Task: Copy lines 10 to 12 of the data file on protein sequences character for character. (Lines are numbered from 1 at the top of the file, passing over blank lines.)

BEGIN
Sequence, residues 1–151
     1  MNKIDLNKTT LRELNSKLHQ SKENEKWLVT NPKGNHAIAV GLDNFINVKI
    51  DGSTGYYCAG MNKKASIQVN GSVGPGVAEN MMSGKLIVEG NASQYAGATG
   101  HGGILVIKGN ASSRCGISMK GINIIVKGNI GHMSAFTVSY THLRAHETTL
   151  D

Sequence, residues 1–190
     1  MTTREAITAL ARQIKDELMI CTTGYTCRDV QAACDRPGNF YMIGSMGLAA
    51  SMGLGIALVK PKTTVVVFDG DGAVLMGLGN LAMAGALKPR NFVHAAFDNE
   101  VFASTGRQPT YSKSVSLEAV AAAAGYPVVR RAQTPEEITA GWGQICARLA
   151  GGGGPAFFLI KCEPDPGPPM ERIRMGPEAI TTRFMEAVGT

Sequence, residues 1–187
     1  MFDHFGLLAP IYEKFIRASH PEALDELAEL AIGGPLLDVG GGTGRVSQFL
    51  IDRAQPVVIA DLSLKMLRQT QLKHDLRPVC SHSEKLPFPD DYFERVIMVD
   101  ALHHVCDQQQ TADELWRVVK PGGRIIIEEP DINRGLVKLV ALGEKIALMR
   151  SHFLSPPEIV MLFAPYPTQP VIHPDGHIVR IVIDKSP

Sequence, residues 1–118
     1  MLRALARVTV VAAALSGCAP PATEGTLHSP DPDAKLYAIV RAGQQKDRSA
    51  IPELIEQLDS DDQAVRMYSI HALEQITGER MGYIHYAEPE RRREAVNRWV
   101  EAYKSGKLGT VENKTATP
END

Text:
   151  GGGGPAFFLI KCEPDPGPPM ERIRMGPEAI TTRFMEAVGT

Sequence, residues 1–187
     1  MFDHFGLLAP IYEKFIRASH PEALDELAEL AIGGPLLDVG GGTGRVSQFL